The War on Drugs is an instructive example of how criminal responses to health concerns are not only ineffective, but harmful.
Drug prohibition has led to challenges in regulating consistency in drug supply leading to fatal overdoses, stigma towards people who use drugs -- particularly Black people who use drugs -- and challenges for accessing medical treatment for substance use disorders. This, in addition to the severe mental, physical, and emotional health consequences of being introduced into the carceral system, indicates that our current carceral models are actually causing more harm, rather than preventing health inequities/harms. Drug policy is not based on public health and evidence, but an instrument of oppressing communities of color, immigrant communities, and people impacted by poverty.
The following selected resources lay out how criminalization of drugs has been worse than ineffective -- it has increased health-related harms and exacerbated racial inequities. Criminalization of drug use is not at all based in scientific evidence and aims to erase the agency of people who use drugs. Updated 3.23.22.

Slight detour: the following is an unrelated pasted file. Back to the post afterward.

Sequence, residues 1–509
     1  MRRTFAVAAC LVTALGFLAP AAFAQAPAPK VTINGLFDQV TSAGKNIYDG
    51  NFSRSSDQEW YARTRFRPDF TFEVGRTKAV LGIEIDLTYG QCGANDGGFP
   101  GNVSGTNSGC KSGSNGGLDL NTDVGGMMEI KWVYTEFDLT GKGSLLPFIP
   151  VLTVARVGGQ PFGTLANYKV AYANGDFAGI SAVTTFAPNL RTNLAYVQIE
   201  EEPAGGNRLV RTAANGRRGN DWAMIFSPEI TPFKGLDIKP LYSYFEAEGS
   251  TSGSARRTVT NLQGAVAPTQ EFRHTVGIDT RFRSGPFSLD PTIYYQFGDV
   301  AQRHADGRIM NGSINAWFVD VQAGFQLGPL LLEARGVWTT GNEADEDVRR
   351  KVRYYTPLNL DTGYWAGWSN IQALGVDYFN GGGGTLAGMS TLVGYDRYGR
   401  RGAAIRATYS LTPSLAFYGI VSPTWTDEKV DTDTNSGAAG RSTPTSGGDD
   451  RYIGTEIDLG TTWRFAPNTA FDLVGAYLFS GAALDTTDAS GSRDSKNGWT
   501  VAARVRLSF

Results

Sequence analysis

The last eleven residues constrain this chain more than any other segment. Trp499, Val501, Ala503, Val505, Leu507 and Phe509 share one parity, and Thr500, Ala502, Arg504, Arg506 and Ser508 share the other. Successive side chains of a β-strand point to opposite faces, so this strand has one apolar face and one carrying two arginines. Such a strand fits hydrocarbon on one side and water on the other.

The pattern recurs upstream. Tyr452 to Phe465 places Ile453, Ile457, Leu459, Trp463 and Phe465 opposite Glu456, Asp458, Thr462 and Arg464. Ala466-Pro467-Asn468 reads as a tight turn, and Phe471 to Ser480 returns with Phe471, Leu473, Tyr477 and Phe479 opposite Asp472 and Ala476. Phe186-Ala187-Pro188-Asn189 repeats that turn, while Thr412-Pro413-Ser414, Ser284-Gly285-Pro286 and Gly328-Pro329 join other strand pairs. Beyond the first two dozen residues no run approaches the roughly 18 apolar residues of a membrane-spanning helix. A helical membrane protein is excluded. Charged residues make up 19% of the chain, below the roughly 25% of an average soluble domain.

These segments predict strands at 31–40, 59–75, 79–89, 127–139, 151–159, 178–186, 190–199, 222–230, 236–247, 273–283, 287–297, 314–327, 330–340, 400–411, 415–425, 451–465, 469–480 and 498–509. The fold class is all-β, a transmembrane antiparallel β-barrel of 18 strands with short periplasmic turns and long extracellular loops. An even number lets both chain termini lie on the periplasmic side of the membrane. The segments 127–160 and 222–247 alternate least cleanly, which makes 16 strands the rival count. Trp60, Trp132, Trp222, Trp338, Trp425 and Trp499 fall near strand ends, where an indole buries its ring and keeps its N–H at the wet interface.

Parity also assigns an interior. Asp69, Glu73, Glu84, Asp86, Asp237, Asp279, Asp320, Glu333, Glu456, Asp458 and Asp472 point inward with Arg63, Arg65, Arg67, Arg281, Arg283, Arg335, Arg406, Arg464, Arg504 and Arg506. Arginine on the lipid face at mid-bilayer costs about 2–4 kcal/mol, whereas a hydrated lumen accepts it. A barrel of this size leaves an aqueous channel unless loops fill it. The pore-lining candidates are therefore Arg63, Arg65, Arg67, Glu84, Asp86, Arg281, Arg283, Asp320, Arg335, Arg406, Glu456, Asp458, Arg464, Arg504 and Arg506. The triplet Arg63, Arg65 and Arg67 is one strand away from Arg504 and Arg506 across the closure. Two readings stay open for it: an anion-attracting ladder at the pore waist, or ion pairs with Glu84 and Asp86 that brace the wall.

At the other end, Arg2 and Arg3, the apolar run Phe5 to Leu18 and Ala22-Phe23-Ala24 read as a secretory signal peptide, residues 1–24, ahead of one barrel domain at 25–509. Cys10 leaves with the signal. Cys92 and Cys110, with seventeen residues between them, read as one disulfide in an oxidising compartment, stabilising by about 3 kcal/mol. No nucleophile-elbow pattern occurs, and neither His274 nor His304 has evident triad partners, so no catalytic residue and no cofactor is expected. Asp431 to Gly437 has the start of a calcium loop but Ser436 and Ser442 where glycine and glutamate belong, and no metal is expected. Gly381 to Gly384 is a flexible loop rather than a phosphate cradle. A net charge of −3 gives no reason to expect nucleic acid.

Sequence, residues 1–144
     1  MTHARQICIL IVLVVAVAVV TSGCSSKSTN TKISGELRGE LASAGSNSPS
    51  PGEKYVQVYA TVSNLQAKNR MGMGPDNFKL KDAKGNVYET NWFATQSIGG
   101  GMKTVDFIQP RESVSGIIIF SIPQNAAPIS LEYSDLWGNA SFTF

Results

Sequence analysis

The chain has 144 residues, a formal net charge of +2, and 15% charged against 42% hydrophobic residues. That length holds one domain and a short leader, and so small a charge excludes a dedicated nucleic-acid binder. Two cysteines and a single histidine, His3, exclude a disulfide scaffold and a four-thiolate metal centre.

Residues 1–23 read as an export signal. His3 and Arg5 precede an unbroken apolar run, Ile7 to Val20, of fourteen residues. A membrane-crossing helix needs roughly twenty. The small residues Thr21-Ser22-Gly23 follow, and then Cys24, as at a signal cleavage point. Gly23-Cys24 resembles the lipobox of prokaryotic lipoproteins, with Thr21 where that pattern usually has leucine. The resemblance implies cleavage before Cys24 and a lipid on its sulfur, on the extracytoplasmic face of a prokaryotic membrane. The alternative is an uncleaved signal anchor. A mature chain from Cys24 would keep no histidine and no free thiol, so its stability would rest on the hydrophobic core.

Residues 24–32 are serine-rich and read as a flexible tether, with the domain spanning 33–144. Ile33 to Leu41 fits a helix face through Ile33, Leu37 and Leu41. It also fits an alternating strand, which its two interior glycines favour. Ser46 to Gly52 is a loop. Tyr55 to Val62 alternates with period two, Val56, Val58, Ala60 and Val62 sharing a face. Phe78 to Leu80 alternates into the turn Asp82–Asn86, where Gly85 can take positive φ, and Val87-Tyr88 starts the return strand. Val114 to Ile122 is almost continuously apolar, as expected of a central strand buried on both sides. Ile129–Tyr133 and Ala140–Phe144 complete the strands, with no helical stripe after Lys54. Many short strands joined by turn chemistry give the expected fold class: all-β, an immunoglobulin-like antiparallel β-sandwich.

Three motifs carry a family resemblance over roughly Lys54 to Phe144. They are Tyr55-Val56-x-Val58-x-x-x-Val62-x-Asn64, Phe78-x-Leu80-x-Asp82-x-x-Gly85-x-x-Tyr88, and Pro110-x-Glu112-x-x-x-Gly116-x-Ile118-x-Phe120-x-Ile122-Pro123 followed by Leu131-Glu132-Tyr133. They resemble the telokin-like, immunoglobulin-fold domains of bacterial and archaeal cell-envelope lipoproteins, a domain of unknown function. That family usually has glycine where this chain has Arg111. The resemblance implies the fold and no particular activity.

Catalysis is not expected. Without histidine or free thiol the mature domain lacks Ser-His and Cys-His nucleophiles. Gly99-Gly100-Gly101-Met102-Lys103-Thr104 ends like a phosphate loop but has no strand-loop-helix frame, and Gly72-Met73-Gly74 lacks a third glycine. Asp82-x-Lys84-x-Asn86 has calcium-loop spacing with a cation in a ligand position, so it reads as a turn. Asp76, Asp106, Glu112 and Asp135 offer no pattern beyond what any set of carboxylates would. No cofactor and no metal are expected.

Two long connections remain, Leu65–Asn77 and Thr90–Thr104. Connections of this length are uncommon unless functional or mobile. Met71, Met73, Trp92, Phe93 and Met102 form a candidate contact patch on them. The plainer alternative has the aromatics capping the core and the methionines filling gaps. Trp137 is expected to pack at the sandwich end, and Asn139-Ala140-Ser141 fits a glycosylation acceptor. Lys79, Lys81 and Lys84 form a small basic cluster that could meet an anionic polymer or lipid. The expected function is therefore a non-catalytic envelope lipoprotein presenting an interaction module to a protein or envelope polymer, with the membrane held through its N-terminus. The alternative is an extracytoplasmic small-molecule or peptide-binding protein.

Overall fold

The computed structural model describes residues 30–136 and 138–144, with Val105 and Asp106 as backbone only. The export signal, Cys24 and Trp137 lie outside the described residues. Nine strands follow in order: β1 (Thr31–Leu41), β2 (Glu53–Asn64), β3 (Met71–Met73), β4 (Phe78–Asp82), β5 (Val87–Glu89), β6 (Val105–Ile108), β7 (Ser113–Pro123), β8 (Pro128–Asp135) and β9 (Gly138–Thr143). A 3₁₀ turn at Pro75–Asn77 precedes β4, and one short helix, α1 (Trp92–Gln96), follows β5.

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Harm reduction approaches to drug use choose not to condone or condemn drug use, but to support people who use drugs in living healthy, safe, and fulfilling lives. Harm reduction programs include syringe access, overdose prevention sites through safer consumption spaces, and community drop-in centers for people who use drugs. Get linked with a harm reduction program in your community and ask how you can support anti-carceral approaches to harm caused by the war on drugs.
Join a drug decriminalization campaign in your state. In 2020, Oregon decriminalized personal use of all drugs, and Washington, DC decriminalized drug paraphernalia.
Check out this resource on how to shift the way we talk about drugs and drug policy. How can this apply to the work you do in research or practice?
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Last updated May 2021